The Committee on Foreign Investment in the United States (CFIUS) ordered Qualcomm to postpone the scheduled for March 6 shareholder meeting in order to inverstigate Broadcom's takeove proposal.
CFIUS is an inter-agency committee of the United States Government that reviews the national security implications of foreign investments in U.S. companies or operations. All companies proposing to be involved in an acquisition by a foreign firm are supposed to voluntarily notify CFIUS, but CFIUS can review transactions that are not voluntarily submitted.
According to Broadcom, it was Qualcomm that "secretly" filed a voluntary request with CFIUS to initiate an investigation, resulting in a delay of Qualcomm's Annual Meeting 48 hours before it was to take place. In that meeting , Qualcomm's shareholders were supposed to choose whether they would accept Broadcom's $117 billion takeover offer for Qualcomm.
"This was a blatant, desperate act by Qualcomm to entrench its incumbent board of directors and prevent its own stockholders from voting for Broadcom's independent director nominees," Broadcom said.
Qualcomm responded promplty: "Broadcom Limited's response to the order from the Committee on Foreign Investment in the U.S. (CFIUS) is a continuation of its now familiar pattern of deliberately seeking to mislead shareholders and the general public by using rhetoric rather than substance to trivialize and ignore serious regulatory and national security issues. CFIUS is an independent, multi-agency U.S. governmental body charged with protecting U.S. national security. CFIUS has determined that there are national security risks to the United States as a result of and in connection with the transaction proposed by Broadcom," said Qualcomm.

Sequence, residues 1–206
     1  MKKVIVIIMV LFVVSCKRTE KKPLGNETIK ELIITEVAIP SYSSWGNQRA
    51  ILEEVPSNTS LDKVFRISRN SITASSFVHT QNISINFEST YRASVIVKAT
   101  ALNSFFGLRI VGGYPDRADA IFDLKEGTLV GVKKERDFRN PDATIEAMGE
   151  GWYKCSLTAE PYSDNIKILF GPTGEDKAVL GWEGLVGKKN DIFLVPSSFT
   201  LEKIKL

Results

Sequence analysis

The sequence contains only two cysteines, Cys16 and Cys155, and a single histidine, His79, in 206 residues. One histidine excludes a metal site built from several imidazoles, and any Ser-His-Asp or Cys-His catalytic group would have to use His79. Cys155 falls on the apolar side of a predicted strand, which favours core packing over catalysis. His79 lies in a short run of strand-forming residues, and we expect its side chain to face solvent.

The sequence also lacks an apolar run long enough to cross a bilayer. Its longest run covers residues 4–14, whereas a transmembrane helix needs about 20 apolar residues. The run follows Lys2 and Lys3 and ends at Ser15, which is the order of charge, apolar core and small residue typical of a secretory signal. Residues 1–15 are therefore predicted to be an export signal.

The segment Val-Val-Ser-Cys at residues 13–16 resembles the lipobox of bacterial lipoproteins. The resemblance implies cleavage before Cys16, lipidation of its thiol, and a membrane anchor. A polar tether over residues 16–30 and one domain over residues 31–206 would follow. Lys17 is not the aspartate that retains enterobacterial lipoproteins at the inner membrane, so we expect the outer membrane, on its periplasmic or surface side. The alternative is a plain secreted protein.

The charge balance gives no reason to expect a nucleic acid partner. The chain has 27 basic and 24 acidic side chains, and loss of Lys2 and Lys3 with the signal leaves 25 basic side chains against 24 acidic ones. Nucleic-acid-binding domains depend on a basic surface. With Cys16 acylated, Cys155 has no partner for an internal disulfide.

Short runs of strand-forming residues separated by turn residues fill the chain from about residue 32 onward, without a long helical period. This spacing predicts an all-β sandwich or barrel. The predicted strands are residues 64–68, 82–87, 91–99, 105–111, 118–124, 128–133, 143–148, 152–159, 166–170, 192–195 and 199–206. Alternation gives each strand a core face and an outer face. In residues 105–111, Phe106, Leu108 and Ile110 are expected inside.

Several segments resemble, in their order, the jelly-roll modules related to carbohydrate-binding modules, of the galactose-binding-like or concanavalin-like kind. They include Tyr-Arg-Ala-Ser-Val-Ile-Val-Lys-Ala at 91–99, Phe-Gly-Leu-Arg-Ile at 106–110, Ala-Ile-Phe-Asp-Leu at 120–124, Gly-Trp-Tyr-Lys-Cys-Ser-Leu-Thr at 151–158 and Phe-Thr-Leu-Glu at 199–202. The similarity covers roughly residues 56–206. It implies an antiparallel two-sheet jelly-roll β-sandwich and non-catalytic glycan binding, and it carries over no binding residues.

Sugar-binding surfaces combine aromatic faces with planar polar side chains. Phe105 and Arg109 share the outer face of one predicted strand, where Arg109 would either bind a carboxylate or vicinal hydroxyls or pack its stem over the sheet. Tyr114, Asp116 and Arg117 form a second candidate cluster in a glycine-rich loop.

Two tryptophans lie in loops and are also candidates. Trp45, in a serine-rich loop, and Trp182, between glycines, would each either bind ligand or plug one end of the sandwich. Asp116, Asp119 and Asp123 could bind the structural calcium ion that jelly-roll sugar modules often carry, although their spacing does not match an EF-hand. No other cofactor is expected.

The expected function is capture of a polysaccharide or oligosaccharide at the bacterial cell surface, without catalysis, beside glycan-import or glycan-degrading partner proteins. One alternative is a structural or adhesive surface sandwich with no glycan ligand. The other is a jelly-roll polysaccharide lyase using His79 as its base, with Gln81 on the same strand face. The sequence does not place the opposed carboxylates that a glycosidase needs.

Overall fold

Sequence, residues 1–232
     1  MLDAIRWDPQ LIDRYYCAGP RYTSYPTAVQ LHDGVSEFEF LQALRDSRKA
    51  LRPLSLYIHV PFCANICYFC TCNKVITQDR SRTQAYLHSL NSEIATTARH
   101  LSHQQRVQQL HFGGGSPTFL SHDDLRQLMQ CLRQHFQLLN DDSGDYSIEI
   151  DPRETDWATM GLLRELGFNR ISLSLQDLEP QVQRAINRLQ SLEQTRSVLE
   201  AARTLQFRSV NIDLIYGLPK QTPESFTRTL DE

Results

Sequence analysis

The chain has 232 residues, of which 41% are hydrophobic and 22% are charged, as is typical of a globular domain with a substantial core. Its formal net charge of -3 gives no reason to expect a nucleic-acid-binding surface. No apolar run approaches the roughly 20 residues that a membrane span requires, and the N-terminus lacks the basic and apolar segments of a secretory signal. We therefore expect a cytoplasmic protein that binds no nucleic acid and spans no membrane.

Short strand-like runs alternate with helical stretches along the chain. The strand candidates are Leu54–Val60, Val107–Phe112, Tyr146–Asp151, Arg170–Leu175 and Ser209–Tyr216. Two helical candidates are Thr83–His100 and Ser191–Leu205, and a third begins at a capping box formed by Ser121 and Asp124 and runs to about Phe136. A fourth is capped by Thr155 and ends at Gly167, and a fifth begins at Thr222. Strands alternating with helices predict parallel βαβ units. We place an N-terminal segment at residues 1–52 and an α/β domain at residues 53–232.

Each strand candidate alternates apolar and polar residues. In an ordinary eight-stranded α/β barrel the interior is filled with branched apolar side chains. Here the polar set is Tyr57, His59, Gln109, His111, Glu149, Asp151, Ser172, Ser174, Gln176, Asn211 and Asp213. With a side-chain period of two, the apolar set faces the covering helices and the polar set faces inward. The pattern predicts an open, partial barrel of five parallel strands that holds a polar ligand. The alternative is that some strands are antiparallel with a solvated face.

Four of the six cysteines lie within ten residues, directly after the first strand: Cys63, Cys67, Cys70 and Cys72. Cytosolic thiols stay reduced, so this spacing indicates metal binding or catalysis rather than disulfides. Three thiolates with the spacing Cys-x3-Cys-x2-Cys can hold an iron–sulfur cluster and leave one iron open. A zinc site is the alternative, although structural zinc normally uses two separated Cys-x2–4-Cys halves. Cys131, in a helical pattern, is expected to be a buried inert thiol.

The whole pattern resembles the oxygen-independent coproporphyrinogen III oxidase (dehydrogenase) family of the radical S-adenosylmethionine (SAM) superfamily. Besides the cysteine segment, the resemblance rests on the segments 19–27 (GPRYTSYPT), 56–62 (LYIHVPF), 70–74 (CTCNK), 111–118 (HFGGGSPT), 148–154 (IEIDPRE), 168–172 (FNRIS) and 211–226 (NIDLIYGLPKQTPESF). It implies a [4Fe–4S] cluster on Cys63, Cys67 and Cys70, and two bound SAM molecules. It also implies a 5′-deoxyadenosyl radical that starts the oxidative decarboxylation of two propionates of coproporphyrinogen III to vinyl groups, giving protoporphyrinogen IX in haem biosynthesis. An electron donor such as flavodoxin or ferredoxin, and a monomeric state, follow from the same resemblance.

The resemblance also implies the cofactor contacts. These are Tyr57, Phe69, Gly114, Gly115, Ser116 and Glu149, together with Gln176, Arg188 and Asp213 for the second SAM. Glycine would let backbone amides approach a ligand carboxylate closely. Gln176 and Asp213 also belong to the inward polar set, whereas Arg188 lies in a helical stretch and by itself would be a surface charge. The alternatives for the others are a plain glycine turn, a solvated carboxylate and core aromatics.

"Broadcom's dismissive rhetoric notwithstanding, this is a very serious matter for both Qualcomm and Broadcom. Broadcom's claims that the CFIUS inquiry was a surprise to them has no basis in fact. Broadcom has been interacting with CFIUS for weeks and made two written submissions to CFIUS.
In compliance with the CFIUS order, Qualcomm will delay its Annual Meeting of Stockholders and election of directors for at least 30 days so that CFIUS can fully investigate Broadcom Limited's proposal to acquire Qualcomm," Qualcomm added.
Broadcom, which is largely owned by the same United States institutional investors that own Qualcomm, said it would cooperate with CFIUS in any review.
In the meantime, Qualcomm shareholder T. Rowe Price Group Inc. reportedly voted in favor of Broadcom Ltd.'s board nominees, supporting an attempt to overturn Qualcomm's opposition to the $117-billion hostile takeover bid, according to Bloomberg.
Broadcom has proposed 6 new members for Qualcomm's board - enough to give the bidder control of the 11-person Qualcomm board that has so-far shunned the approach.